But first we had to sit on regular chairs, at a table, for takeoff, and then we stayed there, because the flight attendant told us there were meals to be eaten. Which didn’t match the surroundings. They were not the culinary equivalents of butterscotch leather and walnut veneer. They were not army issue, either. Or air force. They were burgers, in cardboard clamshell boxes, reheated in the on-board microwave, unrecognizable and off-brand, presumably bought from a shack near Pope’s main gate. Maybe right next to the Dunkin’ Donuts.

I ate mine, and then half of Scarangello’s, after she left it. Then she started working out how to get herself into bed without embarrassment. I saw her eyes darting all around, checking angles, looking at the lighting, figuring out where I would be and what I might see.

I said, ‘I’ll go first.’

The bathroom was through the galley, all the way in back, ahead of the luggage hold, where they had stashed her bag. I used the head and brushed my teeth, and walked back to the bedroom area, and chose the bed on the starboard side. I took off my shoes and socks, because I sleep better that way, and I lay down on top of the blanket, and I rolled on my side and faced the wall.

Scarangello took the hint. I heard her go, all stiff swishing from wool and nylon, and then later I heard her pad back, softer, probably in cotton, and I heard her get in bed and arrange the sheets. She made a little sound, somewhere halfway between a sleepy murmur and a cough, which I took to be an announcement, like OK, thanks, I’m all set now, so I rolled on my back and looked up at the bulkhead above me.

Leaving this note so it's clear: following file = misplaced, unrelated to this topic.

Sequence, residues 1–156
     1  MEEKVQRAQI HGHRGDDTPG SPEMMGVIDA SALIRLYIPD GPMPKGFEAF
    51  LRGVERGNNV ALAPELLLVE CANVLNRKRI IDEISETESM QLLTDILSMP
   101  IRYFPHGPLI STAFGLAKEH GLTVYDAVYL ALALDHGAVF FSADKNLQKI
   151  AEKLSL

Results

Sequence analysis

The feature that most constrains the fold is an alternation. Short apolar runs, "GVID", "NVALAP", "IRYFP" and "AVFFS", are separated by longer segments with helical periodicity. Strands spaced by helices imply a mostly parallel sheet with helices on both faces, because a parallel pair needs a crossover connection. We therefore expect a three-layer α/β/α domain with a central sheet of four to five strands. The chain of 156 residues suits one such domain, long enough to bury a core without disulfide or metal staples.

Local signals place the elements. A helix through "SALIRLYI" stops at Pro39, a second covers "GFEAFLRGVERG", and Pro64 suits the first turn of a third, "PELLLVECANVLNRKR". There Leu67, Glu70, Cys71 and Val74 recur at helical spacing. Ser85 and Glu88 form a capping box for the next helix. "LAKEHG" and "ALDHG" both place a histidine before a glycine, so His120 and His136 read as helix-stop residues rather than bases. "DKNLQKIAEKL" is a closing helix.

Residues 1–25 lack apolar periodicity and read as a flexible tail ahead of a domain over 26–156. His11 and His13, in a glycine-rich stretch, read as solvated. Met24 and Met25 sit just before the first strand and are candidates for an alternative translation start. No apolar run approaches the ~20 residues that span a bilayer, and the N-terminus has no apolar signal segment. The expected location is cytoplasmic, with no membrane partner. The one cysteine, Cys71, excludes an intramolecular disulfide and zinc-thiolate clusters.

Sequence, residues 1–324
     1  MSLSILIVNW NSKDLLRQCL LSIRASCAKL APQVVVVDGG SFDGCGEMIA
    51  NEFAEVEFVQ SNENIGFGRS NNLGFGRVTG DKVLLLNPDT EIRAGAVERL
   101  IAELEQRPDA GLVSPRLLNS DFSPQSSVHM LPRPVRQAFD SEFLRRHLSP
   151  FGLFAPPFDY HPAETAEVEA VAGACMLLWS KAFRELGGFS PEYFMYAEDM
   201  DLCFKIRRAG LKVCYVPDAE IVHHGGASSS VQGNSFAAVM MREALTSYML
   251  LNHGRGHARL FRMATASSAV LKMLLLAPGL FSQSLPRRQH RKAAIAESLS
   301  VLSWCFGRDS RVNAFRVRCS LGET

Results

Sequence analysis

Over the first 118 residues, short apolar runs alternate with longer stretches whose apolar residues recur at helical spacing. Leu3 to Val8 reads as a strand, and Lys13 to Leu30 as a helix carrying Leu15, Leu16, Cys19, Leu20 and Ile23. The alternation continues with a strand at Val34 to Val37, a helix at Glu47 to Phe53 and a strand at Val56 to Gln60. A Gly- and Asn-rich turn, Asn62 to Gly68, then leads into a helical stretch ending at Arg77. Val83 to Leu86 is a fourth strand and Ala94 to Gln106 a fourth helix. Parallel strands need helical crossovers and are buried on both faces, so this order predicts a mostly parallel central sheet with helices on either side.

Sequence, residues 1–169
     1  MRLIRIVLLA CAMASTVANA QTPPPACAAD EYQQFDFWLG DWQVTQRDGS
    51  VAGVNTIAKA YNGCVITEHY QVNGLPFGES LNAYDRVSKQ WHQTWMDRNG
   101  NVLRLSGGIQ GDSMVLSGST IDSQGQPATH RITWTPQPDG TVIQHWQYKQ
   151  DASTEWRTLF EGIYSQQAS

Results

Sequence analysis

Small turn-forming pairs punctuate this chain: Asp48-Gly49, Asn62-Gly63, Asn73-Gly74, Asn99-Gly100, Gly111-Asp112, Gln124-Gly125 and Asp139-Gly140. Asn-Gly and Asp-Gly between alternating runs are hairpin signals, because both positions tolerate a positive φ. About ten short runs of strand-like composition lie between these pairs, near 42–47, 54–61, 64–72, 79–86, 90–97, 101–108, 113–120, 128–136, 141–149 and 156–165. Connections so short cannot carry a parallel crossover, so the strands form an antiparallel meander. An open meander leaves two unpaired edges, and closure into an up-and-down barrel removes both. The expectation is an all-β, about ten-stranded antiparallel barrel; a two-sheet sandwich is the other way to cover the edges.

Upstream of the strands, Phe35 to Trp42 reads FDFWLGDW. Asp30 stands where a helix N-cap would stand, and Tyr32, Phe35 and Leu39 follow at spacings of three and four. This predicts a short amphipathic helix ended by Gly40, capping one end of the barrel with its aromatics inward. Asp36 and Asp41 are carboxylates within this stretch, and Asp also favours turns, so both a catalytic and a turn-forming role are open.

She said, ‘Do you always sleep outside the covers?’

I said, ‘When it’s warm.’

‘Do you always sleep in your clothes?’

‘No choice, in a situation like this.’

‘Because you have no pyjamas. No home, no bags, no possessions. We had a briefing about you.’

I said, ‘Casey Nice told me that.’ I rolled back towards the wall a little, adjusting my position for comfort, and something dug into my hip. Something in my pocket. Not my toothbrush, which was in my other pocket. I lifted up and checked.

The pill bottle. I cupped it in my palm, and looked at the label, in the dim light, purely out of interest. I guess I was expecting allergy medicine, perhaps carried in anticipation of spring pollens in the woods of Arkansas, or else painkillers, perhaps carried after dental work or a muscle strain. But the label said Zoloft, which I was pretty sure was for neither allergies nor pain. I was pretty sure Zoloft was for stress. Or for anxiety. Or for depression or panic attacks, or PTSD, or OCD. Heavy duty, and prescription only.

But it wasn’t Casey Nice’s prescription. The name on the label wasn’t hers. It was a man’s name: Antonio Luna.

Scarangello said, ‘What did you think of our Ms Nice?’

I put the bottle back in my pocket.

I said, ‘Nice by name, nice by nature.’

‘Too nice?’

‘You worried about that?’

‘Potentially.’

‘She did fine in Arkansas. The neighbour didn’t get to her.’

‘How would she have done if you hadn’t been there?’